Copyright ©The Author(s) 2016. Published by Baishideng Publishing Group Inc. All rights reserved.
World J Gastrointest Pharmacol Ther. Nov 6, 2016; 7(4): 477-489
Published online Nov 6, 2016. doi: 10.4292/wjgpt.v7.i4.477
Local ablative treatments for hepatocellular carcinoma: An updated review
Antonio Facciorusso, Gaetano Serviddio, Nicola Muscatiello
Antonio Facciorusso, Nicola Muscatiello, Gastroenterology Unit, Department of Medical and Surgical Sciences, University of Foggia, 71100 Foggia, Italy
Gaetano Serviddio, Internal Medicine Unit, University of Foggia, 71100 Foggia, Italy
Author contributions: Muscatiello N performed the bibliographic research; Facciorusso A wrote the paper; Serviddio G revised the manuscript; all the authors contributed to the article.
Conflict-of-interest statement: None of the authors have received fees for serving as a speaker or are consultant/advisory board member for any organizations. None of the authors have received research funding from any organizations. None of the authors are employees of any organizations. None of the authors own stocks and/or share in any organizations. None of the authors own patents. None of the authors has conflicts of interest to declare.
Open-Access: This article is an open-access article which was selected by an in-house editor and fully peer-reviewed by external reviewers. It is distributed in accordance with the Creative Commons Attribution Non Commercial (CC BY-NC 4.0) license, which permits others to distribute, remix, adapt, build upon this work non-commercially, and license their derivative works on different terms, provided the original work is properly cited and the use is non-commercial. See:
Correspondence to: Antonio Facciorusso, MD, Gastroenterology Unit, Department of Medical and Surgical Sciences, University of Foggia, Viale L. Pinto, 1, 71100 Foggia, Italy.
Telephone: +39-0881-732154 Fax: +39-0881-732135
Received: May 22, 2016
Peer-review started: May 23, 2016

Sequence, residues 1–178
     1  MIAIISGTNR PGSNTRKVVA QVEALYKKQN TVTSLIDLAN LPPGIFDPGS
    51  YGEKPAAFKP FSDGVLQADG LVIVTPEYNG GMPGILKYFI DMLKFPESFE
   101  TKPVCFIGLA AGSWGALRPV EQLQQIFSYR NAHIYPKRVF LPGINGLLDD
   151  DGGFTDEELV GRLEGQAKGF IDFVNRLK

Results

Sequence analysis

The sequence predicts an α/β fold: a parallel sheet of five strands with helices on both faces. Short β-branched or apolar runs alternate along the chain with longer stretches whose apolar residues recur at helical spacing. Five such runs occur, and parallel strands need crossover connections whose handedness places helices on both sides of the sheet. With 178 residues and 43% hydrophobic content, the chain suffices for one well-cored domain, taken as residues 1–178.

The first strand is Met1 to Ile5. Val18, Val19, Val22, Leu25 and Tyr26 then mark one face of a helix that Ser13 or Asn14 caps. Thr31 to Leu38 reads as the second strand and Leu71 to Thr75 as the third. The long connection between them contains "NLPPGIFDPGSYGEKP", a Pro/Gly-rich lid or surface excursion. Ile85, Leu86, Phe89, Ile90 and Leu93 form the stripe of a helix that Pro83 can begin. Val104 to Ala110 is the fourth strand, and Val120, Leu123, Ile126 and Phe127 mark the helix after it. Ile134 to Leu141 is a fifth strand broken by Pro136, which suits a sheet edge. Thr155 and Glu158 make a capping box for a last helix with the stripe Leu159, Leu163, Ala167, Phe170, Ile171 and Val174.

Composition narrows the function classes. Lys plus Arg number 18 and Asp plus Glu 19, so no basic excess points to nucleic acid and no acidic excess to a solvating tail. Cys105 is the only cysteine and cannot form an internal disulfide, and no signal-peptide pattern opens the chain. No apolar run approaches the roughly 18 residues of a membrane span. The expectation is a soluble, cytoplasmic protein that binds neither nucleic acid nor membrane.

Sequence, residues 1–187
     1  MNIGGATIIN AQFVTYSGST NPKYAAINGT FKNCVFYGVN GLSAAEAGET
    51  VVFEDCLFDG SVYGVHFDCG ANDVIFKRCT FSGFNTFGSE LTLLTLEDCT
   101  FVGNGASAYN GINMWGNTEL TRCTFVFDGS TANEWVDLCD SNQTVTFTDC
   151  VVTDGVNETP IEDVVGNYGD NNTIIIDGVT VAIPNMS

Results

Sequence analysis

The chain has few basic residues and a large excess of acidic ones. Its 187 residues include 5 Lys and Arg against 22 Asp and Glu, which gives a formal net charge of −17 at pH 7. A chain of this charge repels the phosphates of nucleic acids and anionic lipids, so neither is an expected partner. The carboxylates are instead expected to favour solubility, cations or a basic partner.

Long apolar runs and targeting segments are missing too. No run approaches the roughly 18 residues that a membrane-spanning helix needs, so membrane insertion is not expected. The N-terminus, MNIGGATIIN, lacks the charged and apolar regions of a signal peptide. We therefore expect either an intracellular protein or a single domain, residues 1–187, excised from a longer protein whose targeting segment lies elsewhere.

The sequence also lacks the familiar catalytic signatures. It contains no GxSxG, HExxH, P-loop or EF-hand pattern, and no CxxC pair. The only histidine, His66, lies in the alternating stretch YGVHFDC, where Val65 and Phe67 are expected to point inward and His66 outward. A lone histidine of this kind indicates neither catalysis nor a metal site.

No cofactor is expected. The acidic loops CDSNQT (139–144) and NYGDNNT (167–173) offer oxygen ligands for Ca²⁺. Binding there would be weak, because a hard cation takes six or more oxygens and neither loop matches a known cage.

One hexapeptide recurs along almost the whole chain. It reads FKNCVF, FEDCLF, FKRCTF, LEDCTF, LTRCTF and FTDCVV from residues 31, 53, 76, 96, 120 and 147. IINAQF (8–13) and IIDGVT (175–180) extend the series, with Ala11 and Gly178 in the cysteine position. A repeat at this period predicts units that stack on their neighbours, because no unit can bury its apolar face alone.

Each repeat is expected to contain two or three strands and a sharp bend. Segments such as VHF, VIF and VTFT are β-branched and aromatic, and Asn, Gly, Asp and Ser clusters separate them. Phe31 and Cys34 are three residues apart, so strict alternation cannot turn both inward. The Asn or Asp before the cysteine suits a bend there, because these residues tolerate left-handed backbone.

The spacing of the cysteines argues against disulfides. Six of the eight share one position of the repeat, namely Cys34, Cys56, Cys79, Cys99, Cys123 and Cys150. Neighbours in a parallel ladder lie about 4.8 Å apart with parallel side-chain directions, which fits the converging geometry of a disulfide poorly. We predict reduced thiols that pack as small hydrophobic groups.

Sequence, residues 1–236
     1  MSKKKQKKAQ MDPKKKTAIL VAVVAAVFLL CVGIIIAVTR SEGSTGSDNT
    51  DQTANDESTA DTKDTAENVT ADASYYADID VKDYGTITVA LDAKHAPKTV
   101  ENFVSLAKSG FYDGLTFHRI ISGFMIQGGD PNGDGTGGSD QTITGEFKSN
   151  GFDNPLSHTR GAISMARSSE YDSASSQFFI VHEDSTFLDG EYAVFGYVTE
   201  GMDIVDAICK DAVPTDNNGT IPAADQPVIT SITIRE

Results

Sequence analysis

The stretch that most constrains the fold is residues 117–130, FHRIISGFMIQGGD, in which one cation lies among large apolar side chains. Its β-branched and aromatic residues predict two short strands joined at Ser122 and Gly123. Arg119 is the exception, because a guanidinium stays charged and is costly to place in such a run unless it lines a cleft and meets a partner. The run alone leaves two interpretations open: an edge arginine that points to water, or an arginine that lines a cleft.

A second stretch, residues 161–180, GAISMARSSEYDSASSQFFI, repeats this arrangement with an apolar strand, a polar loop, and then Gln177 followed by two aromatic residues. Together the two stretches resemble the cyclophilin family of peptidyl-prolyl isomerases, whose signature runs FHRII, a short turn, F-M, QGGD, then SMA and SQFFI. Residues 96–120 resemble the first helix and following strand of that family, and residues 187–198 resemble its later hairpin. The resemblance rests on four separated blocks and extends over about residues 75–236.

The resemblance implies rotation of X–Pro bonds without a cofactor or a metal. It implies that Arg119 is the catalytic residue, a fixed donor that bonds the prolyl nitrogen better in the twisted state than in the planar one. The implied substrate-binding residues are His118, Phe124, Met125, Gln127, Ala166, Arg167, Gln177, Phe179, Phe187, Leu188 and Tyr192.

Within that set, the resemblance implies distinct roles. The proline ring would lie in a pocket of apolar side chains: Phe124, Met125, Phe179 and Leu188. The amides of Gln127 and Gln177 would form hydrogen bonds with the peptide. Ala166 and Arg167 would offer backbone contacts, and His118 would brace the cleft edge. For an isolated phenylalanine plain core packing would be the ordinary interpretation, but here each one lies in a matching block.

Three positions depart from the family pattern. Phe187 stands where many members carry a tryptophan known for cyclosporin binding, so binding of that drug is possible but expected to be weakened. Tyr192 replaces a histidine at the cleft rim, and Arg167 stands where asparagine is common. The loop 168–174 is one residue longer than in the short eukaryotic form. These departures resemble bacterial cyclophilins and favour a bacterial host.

First decision: July 4, 2016
Revised: July 16, 2016
Accepted: August 17, 2016
Article in press: August 19, 2016
Published online: November 6, 2016


Ablative treatments currently represent the first-line option for the treatment of early stage unresectable hepatocellular carcinoma (HCC). Furthermore, they are effective as bridging/downstaging therapies before orthotopic liver transplantation. Contraindications based on size, number, and location of nodules are quite variable in literature and strictly dependent on local expertise. Among ablative therapies, radiofrequency ablation (RFA) has gained a pivotal role due to its efficacy, with a reported 5-year survival rate of 40%-70%, and safety. Although survival outcomes are similar to percutaneous ethanol injection, the lower local recurrence rate stands for a wider application of RFA in hepato-oncology. Moreover, RFA seems to be even more cost-effective than liver resection for very early HCC (single nodule ≤ 2 cm) and in the presence of two or three nodules ≤ 3 cm. There is increasing evidence that combining RFA to transarterial chemoembolization may increase the therapeutic benefit in larger HCCs without increasing the major complication rate, but more robust prospective data is still needed to validate these pivotal findings. Among other thermal treatments, microwave ablation (MWA) uses high frequency electromagnetic energy to induce tissue death via coagulation necrosis. In comparison to RFA, MWA has several theoretical advantages such as a broader zone of active heating, higher temperatures within the targeted area in a shorter treatment time and the lack of heat-sink effect. The safety concerns raised on the risks of this procedure, due to the broader and less predictable necrosis areas, have been recently overcome. However, whether MWA ability to generate a larger ablation zone will translate into a survival gain remains unknown. Other treatments, such as high-intensity focused ultrasound ablation, laser ablation, and cryoablation, are less investigated but showed promising results in early HCC patients and could be a valuable therapeutic option in the next future.

Key Words: Liver cancer, Hepatocellular carcinoma, Radiofrequency ablation, Microwave ablation, Radiofrequency ablation

Core tip: Ablative treatments currently represent the first-line option for the treatment of early stage unresectable hepatocellular carcinoma. Among ablative therapies, radiofrequency ablation has gained a pivotal role due to its efficacy, with a reported 5-year survival rate of 40%-70%, and safety. Among other thermal treatments, microwave ablation, high-intensity focused ultrasound ablation, laser ablation, and cryoablation, are less investigated but showed promising results.